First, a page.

What made Bruck keep up her frequent school appearances as a witness is also what makes her work, including the new book that has yet to be translated, essential reading: We still need reminders about the horrors of the Holocaust. The memoir includes a moment when she finds herself briefly at the Bergen Belsen concentration camp, where she is ordered to drag the weak prisoners to the “death tent” where a pile of human skeletons lay (Note: translations are my own). Some detainees managed to say to her, before dying, “Tell what happened. They won’t believe us but tell the story, if you survive, for us, too.”
While Bruck has written novels and other works of literature that are not related to the Holocaust, she is especially masterful at describing the Shoah. She depicts the act of remembering Auschwitz for survivors as the experience of harboring “a rampaging tenant inside of themselves,” one which they cannot “deliver” or evict by talking or writing about it. She knows: in her early career, she thought each time she wrote about the Holocaust in a book, a part of the “monster conceived at Auschwitz” would seep out of her.
That’s an incredibly graphic, extreme way to depict survival. In this new work, she uses subtler methods that nonetheless demonstrate the hold Auschwitz (or any concentration camp) has on survivors. In the early years after the war, she writes that she and fellow survivors wandered about, not just dazed but also sick over not belonging anywhere. Something essential had been severed (“spezzato”); the survivors were ill at ease when they were alone with themselves and also while in the company of others. It’s not surprising then that in the new memoir she writes that her “true brothers and sisters” are the people she met in the Lager.
Bruck has remained remarkably faithful to her teenage pledge to bear witness. But as she might argue, what choice does she have? In Il Pane Perduto, she writes that when she was finally liberated at age 14, “a sad man” approached her and transcribed her information on a piece of paper, including her birthdate, the concentration camps where she had been confined, and her prisoner number. Then he gave her the document. She still has it—a lifetime membership card she can never discard.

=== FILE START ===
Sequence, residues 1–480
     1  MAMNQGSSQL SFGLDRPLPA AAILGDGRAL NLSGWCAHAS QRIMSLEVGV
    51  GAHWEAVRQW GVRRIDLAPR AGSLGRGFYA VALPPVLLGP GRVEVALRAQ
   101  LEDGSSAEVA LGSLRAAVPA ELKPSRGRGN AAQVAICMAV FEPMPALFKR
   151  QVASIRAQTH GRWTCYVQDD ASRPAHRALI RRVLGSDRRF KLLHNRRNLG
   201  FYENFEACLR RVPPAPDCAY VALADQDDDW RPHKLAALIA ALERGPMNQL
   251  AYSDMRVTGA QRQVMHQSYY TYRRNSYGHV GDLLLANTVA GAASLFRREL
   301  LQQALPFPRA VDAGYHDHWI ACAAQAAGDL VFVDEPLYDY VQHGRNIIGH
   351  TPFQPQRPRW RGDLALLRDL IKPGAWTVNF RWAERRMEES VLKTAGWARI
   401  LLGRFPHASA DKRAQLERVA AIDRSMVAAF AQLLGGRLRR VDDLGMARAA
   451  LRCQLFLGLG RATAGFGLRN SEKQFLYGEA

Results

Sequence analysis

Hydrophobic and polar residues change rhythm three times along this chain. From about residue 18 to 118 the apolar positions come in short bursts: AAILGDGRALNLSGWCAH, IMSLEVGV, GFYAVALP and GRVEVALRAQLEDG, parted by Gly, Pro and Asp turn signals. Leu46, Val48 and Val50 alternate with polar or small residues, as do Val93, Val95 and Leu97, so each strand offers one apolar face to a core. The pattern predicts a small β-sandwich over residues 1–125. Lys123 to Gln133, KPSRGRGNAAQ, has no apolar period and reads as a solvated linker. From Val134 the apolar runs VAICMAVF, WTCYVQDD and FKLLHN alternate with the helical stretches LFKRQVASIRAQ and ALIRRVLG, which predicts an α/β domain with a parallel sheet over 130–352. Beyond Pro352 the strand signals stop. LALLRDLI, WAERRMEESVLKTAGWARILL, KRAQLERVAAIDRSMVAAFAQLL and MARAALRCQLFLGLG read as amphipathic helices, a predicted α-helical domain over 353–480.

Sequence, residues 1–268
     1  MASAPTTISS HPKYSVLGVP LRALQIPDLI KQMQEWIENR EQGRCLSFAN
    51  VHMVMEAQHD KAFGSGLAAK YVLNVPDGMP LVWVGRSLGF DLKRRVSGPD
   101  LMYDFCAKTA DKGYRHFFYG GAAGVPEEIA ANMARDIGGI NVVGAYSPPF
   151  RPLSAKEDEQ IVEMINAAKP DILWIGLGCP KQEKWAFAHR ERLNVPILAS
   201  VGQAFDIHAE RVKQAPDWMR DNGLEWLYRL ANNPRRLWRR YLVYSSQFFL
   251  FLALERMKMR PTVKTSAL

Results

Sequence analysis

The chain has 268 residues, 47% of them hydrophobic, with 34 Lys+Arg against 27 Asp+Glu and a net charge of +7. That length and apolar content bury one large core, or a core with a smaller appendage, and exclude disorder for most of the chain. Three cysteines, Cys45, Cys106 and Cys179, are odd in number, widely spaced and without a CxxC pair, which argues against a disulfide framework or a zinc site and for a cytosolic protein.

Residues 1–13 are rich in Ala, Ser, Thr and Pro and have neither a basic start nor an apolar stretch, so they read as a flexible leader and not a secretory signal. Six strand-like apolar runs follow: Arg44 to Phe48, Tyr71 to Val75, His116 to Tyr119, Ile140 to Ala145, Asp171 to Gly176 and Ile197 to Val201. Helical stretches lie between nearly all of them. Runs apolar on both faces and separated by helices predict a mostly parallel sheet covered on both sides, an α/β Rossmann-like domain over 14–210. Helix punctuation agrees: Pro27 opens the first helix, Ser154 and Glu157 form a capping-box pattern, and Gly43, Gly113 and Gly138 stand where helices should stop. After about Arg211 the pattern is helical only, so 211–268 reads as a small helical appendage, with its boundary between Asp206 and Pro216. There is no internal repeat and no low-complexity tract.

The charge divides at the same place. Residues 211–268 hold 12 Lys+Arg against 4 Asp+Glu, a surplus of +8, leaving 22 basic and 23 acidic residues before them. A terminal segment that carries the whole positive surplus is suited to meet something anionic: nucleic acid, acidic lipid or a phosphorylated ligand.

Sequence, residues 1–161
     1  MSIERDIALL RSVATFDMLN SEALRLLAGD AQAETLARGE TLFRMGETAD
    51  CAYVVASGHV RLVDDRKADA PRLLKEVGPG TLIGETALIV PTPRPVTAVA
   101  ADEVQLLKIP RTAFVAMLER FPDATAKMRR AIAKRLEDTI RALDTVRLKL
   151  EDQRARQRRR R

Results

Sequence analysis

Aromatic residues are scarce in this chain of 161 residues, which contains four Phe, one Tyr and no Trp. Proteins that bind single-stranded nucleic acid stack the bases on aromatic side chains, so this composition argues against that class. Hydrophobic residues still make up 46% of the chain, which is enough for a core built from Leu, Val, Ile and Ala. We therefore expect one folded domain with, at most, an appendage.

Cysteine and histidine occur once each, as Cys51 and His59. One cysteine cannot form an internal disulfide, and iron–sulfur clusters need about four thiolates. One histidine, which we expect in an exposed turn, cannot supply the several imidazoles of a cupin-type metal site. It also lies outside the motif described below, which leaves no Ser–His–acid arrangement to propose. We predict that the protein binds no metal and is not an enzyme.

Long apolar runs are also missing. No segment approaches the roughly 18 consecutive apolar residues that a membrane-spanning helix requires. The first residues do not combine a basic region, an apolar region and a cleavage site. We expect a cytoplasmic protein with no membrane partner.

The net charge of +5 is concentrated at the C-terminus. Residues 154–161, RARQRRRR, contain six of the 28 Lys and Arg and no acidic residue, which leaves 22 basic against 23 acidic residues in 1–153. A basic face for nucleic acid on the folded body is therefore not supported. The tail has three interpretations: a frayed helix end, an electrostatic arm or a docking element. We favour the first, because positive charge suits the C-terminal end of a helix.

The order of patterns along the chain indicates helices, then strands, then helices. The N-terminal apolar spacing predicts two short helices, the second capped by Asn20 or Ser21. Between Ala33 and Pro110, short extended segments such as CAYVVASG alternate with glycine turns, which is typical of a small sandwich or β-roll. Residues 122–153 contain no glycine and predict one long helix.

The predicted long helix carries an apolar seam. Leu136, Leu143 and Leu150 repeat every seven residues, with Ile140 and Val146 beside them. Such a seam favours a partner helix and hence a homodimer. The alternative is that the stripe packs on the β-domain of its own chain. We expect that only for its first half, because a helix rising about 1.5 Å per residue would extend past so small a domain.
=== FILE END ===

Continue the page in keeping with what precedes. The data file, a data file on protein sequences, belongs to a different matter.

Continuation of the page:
One of the most notable aspects of Bruck’s body of work is the innovation she’s employed in recounting the Holocaust, often using unusual or unlikely angles to illuminate her personal experiences as a prisoner of the Nazis and the wider travails of European Jews before, during and after the Holocaust. For example, one short story called “Silvia” is narrated by the young son of a high-level Nazi official in Germany who finds a young Jewish stowaway and brings her home to live with him. Bruck manages to evoke sympathy for the boy while fully enunciating every abhorrent nuance of the anti-Semitism that has infected his parents and his society. Similarly, Bruck employs an approach that’s almost brutal in its honesty in the book, Signora Auschwitz. What’s more, it highlights an aspect of a survivor’s life that may be invisible to many (the work of educating the younger generations), while also immortalizing an unforgettable nickname.
The new book is more straightforward, as memoirs often can be because they trace a part of a person’s actual life. But that’s appropriate at this moment for such a prolific writer. Bruck’s new memoir caps off a career of triumphs and adds to a rich body of work. And she really isn’t finished. While promoting the memoir this year and participating in myriad events connected with the Strega award season, Bruck found time to publish another book of poetry. Because she’s going to tell the story of the Holocaust until she can’t.